Xenophobia, to me, was just like any other big word in the dictionary. Present but seldom used. In fact, I might have noted its meaning just once in school when we still had Social Studies classes and we were taught a lesson on societal vices (or something like that).
Xenophobia was almost like racism, my teacher had said. But, “it is racism among your own people”. For the life of me, I couldn’t make sense of that.
How is one racist towards his own people? Well, fast forward many years after and I have the answer.
A black man can get very spiteful towards a fellow black man up to the point of violence. The way I remember it, the first time we experienced xenophobia as a country was during the 2015 incident in South Africa. We brushed it off because peace must reign. It has happened again. But unfortunately; boys are not smiling.
When random videos of black people assumed to be Nigerians broke out on the internet early this week, we went crazy. Social media caught fire with people calling for boycotts and promising a fiery retaliation against South Africans.
The Government started to circulate one press statement after the other asking for total calm and cooperation with home authorities to find a diplomatic solution to the problem. Story. Nobody wanted to hear any rubbish talk about diplomacy.
So, people decided to act and guess who started the chain of events that went down around Nigeria? Fellow Lagosians of course!
They started with what I think is a sign of the demarcation between the affluent and the struggling. The Circle Mall at Jakande. These people broke in and started with the ‘South African shop’ – Shoprite.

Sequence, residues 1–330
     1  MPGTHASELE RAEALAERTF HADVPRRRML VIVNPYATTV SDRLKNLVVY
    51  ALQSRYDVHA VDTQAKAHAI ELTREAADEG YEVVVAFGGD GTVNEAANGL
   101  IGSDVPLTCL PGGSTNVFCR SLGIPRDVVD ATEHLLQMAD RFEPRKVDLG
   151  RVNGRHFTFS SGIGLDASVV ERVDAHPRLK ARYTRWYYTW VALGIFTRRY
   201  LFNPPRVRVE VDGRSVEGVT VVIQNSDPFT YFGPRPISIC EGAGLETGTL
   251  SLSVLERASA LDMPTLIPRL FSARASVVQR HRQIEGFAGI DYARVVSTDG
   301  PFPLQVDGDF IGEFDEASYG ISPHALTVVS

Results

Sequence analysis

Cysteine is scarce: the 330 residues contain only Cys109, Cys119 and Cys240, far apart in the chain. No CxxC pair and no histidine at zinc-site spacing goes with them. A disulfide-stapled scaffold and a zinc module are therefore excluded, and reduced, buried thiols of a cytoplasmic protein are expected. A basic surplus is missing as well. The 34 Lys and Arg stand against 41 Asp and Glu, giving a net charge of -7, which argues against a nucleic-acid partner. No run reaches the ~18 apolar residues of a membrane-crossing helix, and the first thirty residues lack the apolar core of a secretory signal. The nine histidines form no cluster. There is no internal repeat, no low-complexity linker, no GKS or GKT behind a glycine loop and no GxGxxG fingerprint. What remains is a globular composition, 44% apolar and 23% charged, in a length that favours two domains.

It was a riot. People’s belongings were lost, some got injured and a man lost his life. This was just the beginning and the inspiration for what followed later that day in other parts of Lagos.
At Novare Mall, it was open season. Nobody seemed to care for their safety or the essence of what kickstarted the riot. People were just running about trying to snatch anything they could carry.
In fact, there was no store left untouched and if there is any, I hope their stars keep shining bright. Flat-screen TVs, refrigerators, purses, groceries, clothes, jewellery – everything was fair game. It was like watching sugar-high kids running around at a birthday party. Only in this case, bullets and tear gas bombs were the only things that slowed them down.
There is no question that these people even knew what xenophobia means or that they were thinking of the dead Nigerians in South Africa. No. This was hunger, plain and simple.
Lagos is just hunger and a constant struggle for daily bread hidden under metropolitan glamour and the façade of legit hustle. People are hungry in this Lagos. And any opportunity to let evil take over is welcome.
What else would turn a right-thinking man into a petty thief if not hunger?
I hope the people upstairs are seeing the underlying issues that this xenophobia season has revealed. Otherwise, this was just a waste of time.
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